An obviously frustrated Nancy Kuhel, the District 2 representative on the Clintonville Area Commission, repeatedly asked Chairman Daniel B. Miller the same question at a special meeting devoted solely to the issue of a turn lane at East North Broadway and North High Street.
Why now, she wanted to know. Everyone on the once-contentious panel was getting along, she indicated. Why bring back up an issue that has long divided both the community and the commission?
Miller wouldn't answer the question at the March 21 meeting, during which a split commission voted once again to back the controversial project, and he wouldn't answer it last week.
"After the vote, I don't think it's appropriate to comment on that," Miller said.
He simply referred to a statement had made to the Columbus Dispatch for a Feb. 27 story in the wake of the chairman proposing a resolution backing the turn lane to be considered at the CAC's March 7 meeting.
Consideration of the matter was delayed to the special session later in the month as a result of Kuhel being absent due to illness.
"The mayor in March of last year decided that the issue squarely resided with the CAC," Miller told the Dispatch. "He put it on the commission to represent the interests of the community."
At the special session, which lasted three and a half hours, the resolution once again favoring installation of a turn lane allowing motorists heading west on East North Broadway to turn south onto North High Street was approved by a vote of 5-3, with Miller abstaining.
Miller said afterward that, in his capacity as chairman, he planned to vote only if he needed to break a tie.
District 3 representative and East North Broadway resident James R. Blazer II and District 6's Jennifer Kangas joined Kuhel in voting against the proposal.
Rob Wood of District 1, Dana K.J. Bagwell of District 5, Jason Meek of District 7, Kristopher Keller of District 8 and District 9 representative D Searcy voted in favor of it.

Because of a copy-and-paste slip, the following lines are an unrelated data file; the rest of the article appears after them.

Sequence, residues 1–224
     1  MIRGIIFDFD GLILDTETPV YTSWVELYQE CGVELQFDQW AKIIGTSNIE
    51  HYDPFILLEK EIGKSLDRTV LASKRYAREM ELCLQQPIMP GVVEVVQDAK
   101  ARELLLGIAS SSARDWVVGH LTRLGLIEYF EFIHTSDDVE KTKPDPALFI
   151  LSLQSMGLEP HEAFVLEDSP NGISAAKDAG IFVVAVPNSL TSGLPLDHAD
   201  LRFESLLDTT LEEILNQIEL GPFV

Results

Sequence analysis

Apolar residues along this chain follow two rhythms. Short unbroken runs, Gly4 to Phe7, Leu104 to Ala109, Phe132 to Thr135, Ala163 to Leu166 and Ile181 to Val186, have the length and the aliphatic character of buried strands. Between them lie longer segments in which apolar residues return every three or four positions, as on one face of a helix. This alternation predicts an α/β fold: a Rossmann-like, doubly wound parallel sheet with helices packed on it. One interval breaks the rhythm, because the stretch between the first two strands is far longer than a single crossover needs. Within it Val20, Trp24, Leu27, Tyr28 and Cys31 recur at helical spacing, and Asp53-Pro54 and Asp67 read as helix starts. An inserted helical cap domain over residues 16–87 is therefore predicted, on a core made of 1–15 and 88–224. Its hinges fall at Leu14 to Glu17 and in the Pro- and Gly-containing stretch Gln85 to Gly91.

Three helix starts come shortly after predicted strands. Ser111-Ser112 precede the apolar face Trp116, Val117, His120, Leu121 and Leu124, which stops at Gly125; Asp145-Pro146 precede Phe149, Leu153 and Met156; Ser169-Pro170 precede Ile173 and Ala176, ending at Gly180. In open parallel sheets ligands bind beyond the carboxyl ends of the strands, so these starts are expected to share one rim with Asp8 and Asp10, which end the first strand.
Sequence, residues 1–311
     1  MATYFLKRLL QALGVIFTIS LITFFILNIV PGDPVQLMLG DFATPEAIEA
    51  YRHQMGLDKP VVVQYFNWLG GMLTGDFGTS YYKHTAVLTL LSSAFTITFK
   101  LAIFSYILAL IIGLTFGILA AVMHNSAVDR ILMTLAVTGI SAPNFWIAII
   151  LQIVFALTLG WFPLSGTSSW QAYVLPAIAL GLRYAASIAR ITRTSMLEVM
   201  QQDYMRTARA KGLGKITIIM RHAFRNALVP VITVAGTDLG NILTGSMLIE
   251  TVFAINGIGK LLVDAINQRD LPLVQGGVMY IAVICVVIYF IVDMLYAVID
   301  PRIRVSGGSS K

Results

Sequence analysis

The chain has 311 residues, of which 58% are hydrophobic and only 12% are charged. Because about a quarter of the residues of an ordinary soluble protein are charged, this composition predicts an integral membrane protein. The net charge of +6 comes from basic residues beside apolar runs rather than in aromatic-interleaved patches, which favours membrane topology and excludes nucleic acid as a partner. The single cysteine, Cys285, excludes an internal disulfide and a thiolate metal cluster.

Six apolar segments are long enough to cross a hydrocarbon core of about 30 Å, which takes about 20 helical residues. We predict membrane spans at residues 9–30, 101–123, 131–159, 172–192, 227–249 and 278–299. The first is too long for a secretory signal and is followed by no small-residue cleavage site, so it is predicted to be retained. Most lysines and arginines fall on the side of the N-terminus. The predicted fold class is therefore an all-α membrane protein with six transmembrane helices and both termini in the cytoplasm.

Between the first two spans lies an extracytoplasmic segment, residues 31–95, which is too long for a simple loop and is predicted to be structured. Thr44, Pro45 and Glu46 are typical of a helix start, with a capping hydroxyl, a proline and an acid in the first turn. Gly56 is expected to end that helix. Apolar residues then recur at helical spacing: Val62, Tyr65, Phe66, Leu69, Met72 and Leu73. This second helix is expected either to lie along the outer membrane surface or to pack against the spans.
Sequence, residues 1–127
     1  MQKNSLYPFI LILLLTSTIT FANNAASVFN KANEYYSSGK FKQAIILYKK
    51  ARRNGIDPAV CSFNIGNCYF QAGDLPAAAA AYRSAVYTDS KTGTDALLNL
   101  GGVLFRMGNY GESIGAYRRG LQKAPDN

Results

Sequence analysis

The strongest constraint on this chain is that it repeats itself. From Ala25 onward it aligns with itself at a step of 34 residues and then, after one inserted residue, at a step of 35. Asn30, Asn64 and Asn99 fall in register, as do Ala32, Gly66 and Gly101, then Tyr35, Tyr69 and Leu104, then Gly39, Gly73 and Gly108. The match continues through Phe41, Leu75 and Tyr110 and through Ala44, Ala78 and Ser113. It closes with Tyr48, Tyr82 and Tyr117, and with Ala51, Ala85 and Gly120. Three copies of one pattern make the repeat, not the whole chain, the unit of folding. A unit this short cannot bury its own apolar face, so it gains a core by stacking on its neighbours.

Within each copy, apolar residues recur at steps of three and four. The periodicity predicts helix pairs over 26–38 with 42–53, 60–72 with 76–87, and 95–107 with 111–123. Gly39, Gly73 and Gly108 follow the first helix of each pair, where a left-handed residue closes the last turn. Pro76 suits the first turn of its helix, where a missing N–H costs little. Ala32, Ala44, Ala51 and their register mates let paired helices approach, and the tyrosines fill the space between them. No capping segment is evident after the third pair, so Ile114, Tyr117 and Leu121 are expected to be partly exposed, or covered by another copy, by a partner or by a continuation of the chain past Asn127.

"I hope it's the final vote and I hope it goes forward," former District 1 representative Mike McLaughlin said last week.
McLaughlin headed up a task force that was formed nearly four years ago to look into problems at the intersection. The group eventually recommended, among other improvements, the addition of the left turn lane.
"We looked at it," he said last week. "We researched it."
Residents of historic East North Broadway have long objected to the project, saying it would only pave the way for the eventual widening of their street as far as Indianola Avenue.
McLaughlin was among those voting to adopt his task force's turn-lane plan at an August 2009 marathon session. The vote was 5-4 in favor of it, but after a slight change in the makeup of the panel, that recommendation was overturned by the same margin Oct. 26, 2011.
The North Broadway Street Association filed a lawsuit against the city and others on Nov. 10 of that year, seeking to permanently block the turn-lane project due to dispute over the existence of public right of way to build it.
"The lawsuit does not hinder our ability to address this issue," Dan Williamson, Mayor Michael B. Coleman's spokes-man, said last week.
"We'll be asking council to approve funding for the left turn lane," Williamson said. "It's my understanding that they've already done a lot of the work on this. They won't be starting from scratch."
"What is best for the people will always happen," McLaughlin said. "It might take a while, but it will always happen. I firmly believe that."
The city has $350,000 set aside for the project, according to Susan E. DeLay, capital im-provement projects manager. She said bid packages should go out in the middle or toward the end of the month. If bids come in higher than the amount set aside, funds are available to cover the extra costs, DeLay added.
A request to City Council to spend the money once a contractor is chosen should be made in July, prior to their August break, the projects manager said. Work should then begin in August or early September.
"It will be completed this year," DeLay said.